Consider the purchase of your PS3 more than justified.

You’ll notice from the moment you pop Little Big Planet into your PS3, the presentation of the introduction was given more care it seems than the entire development of many of the games I’ve played the last few years. Narrated by the wonderful Stephen Fry, the main character, known as “Sackboy” frolics through an entire level decorated with pictures of the folks who put their blood, sweat and tears into the game’s development. When the developers manage to make the credits entertaining, you know that you are in for a treat.

There is a lot to say about the “Sackboy”. Immediately endearing, this hand sewn-looking little critter is comically charming from the beginning. From the nubby appearance of Sackboy’s body to the black button eyes, he reminds me of a handmade toy loved by a child. Sackboy is very emotive, showing a range of facial expressions. His arm movements can be controlled by right and left analog sticks, and the PS3 controller’s six-axis functionality controls his body movements.

Throughout gameplay, various customization items can be unlocked, such as body materials for Sackboy, hair, clothing, eyes, nose, teeth, etc. I could easily fill two pages describing the depth of customization available. Customization items can be found almost immediately as you progress through Story mode, which is a definite plus because customization freaks like me do not want to jump through hoops to customize! My current favorite is still the lion costume!

Little Big Planet essentially takes the gaming staple of 2D platformer and turns it on its ear a bit. By making it 3D-ish. Confused? Don’t be. LBP breaks the fourth wall from the beginning, using Stephen Fry’s narration to create an awareness of a player controlling Sackboy. The action takes place by allowing the character to move objects in three planes, background, midground and foreground. Sackboy jumps, grabs and can move into the foreground and background of the environment. Sackboy’s jumps remind me of Luigi from Super Mario Brothers II, kind of slow with a lot of air. The jumping control did feel a bit unwieldy at first, however after playing for a little while I was able to take Sackboy’s jumping physics into consideration and adjust accordingly.

Level design and graphics-two more points which could easily cover multiple pages. The levels look absolutely incredible, and are all unique. The appearance of the environment lends a ton of personality to each level, from the textures of objects to the interesting design of characters you will interact with. Sackboy’s Story Mode travels will take him from Africa (vine swinging, monkeys, incredible music), South America (Dia de los Muertos Grim Fandago feel!) Old West (Explosions and Mine Cart Rides) name a few. All of the levels have a bright and charming cartoon-like appeal.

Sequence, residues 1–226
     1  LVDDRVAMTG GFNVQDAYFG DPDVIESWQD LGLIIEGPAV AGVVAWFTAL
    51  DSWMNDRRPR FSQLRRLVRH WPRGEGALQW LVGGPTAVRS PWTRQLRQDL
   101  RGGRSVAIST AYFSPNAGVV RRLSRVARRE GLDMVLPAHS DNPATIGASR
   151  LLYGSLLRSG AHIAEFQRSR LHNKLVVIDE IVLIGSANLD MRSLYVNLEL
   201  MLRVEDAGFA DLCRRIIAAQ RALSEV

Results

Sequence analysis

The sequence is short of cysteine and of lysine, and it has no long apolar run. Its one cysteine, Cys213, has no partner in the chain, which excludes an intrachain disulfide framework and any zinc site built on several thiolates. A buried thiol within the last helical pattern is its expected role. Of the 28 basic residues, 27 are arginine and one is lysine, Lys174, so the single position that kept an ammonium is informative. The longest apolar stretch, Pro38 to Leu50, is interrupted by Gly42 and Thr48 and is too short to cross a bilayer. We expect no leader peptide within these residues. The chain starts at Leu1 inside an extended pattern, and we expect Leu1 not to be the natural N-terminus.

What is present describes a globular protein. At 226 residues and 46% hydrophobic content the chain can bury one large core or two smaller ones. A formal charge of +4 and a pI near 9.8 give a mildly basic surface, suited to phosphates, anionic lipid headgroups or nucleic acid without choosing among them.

The music chosen for each level also deserves mention. Well one track in particular received a lot of mention and led to a delayed release, but I digress and will simply say I hope this is not a harbinger of things to come. Add to this a ton of replayability, as various points in Story Mode can only be unlocked by having other Sackpeople join your adventure. Other goodies can be unlocked by finding “stickers” which can be placed on each level.

The last point, the ability to create your own planet could take up a medium sized pamphlet. As you go through Story Mode, you find hundreds of objects that you can then use to create your own planet. As in from scratch, as in for other Sackfolk to visit, as in the tools used by the developers on this incredible game at your disposal. Good thing Stephen Fry narrates a complete tutorial, you’ll be needing it. Daunting at first, after you become comfortable with placement of objects and maneuvering about, you’ll be creating like a pro in no time.

This has been a banner year for innovation in 2D platformers, first with XBL’s Braid and now Little Big Planet. If MGS4 wasn’t enough to encourage a PS3 purchase, Little Big Planet should help close the deal. There is nothing like it on the other systems, nor is there likely to be any time soon. The perfect game really, you can play it alone, family friendly so you can play with the kids, play it with family, play online with friends, tons of innovation, many hours of game play due to level replayability and planet creation/online functionality. And for those who complain that video games are a waste of time and do not encourage creativity, I urge you to take a look at what is being created by Little Big Planet’s user community.